Figure 1
Signal flow path, from photodiode to microcontroller with analog signal processing (top) and digital signal processing (bottom). The DSC topology drastically reduces the number of discrete components by relying on software instead. Note: anti-aliasing filters not shown.

The Benefits of Digital Signal Processing

Utilizing a microcontroller with integrated DSP capabilities, known as a digital signal controller (DSC), reduces the entire stage into a single PGA. The DSC performs the signal separation, demodulation and filtering (bottom of Figure 1). The compression of this stage into the digital domain has the greatest impact on system volume, reliability and cost, since multiple discrete ICs, op amps and passive components are eliminated. The elimination of these sample-and-holds and analog filters helps reduce variation in the measurements that stem from temperature drift in the components, and also improves overall system reliability by reducing the number of components that could eventually fail.

Figure 1
Signal flow path, from photodiode to microcontroller with analog signal processing (top) and digital signal processing (bottom). The DSC topology drastically reduces the number of discrete components by relying on software instead. Note: anti-aliasing filters not shown.

Moving to digital has an impact on power consumption that is dependent on several factors. If the analog filters, sample-and-holds and PGAs use tens of miliamperes, shifting to digital will likely improve power usage for a microcontroller operating at a few MIPS. Many microcontrollers also have advanced power-saving modes that can reduce the power consumption of the microcontroller to mere nanoamps while idle.

Analog vs. Digital Filtering

Sample-and-hold circuits are a composite of op amps, switches and capacitors that require a nontrivial amount of system volume, if they are built discretely. Most modern microcontrollers have sample-and-hold amplifiers integrated with their A/D converters, which obviate discrete sample-and-holds. A designer might make the case that analog filtering, such as in the top of Figure 1, is worth the volume, power and reliability trade-offs, because the aliasing incurred by an A/D converter can be avoided; with the filtering occurring before the signals are digitized. However, this is not true; the sample-and-holds still alias noise. Rather than the aliased signals appearing in the digital domain after digitization, they appear in the analog domain after the sample-and-holds.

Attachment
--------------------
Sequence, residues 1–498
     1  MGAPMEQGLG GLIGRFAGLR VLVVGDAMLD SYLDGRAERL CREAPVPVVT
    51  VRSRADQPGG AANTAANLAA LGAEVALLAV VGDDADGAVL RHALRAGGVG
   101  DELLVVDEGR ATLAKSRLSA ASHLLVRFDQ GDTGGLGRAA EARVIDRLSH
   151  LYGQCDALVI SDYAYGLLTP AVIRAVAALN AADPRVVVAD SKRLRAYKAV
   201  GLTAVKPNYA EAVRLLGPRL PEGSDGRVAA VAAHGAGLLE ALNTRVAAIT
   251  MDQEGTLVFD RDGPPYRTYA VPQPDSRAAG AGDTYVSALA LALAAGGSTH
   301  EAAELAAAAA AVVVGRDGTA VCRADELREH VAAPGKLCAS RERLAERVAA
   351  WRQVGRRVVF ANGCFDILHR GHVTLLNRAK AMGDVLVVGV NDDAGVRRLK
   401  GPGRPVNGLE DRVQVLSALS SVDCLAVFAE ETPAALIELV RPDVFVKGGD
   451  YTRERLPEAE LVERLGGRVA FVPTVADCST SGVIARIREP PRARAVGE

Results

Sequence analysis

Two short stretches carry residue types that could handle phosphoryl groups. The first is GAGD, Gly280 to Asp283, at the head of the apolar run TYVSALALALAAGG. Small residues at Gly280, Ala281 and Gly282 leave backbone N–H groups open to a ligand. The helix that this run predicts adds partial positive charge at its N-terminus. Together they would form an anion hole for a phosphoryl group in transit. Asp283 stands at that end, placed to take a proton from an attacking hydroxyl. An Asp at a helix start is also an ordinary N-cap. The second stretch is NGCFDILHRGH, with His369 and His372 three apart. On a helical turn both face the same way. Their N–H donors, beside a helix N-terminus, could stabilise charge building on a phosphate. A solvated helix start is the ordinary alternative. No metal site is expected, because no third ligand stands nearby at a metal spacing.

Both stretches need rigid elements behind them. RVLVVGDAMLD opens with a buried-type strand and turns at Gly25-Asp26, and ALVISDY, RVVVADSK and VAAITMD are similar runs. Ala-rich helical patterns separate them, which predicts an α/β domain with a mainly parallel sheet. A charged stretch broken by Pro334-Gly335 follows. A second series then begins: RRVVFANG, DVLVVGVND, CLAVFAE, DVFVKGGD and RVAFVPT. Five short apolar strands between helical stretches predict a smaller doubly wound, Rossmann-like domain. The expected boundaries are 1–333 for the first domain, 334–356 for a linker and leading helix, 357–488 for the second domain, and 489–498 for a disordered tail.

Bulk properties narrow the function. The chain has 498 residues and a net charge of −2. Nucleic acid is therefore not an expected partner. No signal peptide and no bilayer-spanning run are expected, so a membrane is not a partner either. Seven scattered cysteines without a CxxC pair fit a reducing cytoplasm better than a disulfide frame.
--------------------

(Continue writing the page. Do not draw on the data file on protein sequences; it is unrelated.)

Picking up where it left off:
Figure 1
Signal flow path, from photodiode to microcontroller with analog signal processing (top) and digital signal processing (bottom). The DSC topology drastically reduces the number of discrete components by relying on software instead. Note: anti-aliasing filters not shown.

Since oximeter bandpass filters have very low cutoff frequencies (0.5 Hz and 5 Hz), large-valued components may be required. In addition, narrow stopband width and strong stopband attenuation require cascading op-amp stages. Because analog filters require a large number of components and significant system volume, the trade-offs that digital filtering incurs are minimal. Pulse oximeter signal processing has several flavors, and if a designer needs a DC-reject, DC-pass, low-pass, or high-pass filter, Microchip’s free DSP software libraries support the Finite Impulse Response and Infinite Impulse Response realizations of these filters.

Data Acquisition Options

Designers have several choices regarding data acquisition. If there is minimal high-frequency noise, sampling at the end of each pulse of red or IR light is sufficient, as in the top of Figure 2. However, if the accuracy and precision requirements are stringent, and aliased high-frequency noise is a problem, a designer can increase the sampling frequency to mitigate aliasing, as in the bottom of Figure 2. Of course, the trade-offs are higher clock frequency and higher power consumption, which are required to support the larger data set and higher order filters. Pulse oximeters commonly have a blood-oxygen saturation accuracy of ±2%, which a 10-bit A/D—often integrated with a COTS microcontroller—can support. For higher precision, designers may want to use a 12-bit A/D, which are also available in COTS microcontrollers.

Figure 2
Diagrams for low sampling rate (top) and high sampling rate (bottom). Lower sampling rates require lower power dissipation, but at the cost of greater aliased noise. Note: the timing of red and IR pulses varies among designers. In some designs, red and IR pulses have no separation, and delays occur in between pairs of red and IR pulses.

As a result of a new generation of microcontrollers and DSCs, medical devices are trending toward digital signal processing and the elimination of analog signal conditioning. As the healthcare market shifts toward early diagnosis and personal health monitoring, reliable, cost-effective medical devices will be necessary. The transition to digital design from traditional analog will enable consumer medical devices to proliferate, and predominantly digital designs will allow in-the-field upgradability and low-cost redesigns. As the market for consumer medical devices expands, making the leap to digital will be necessary to deliver high-performance products at a low cost with expedient time-to-market. 

Microchip Technology
Chandler, AZ.
(480) 792-7200.
[www.microchip.com].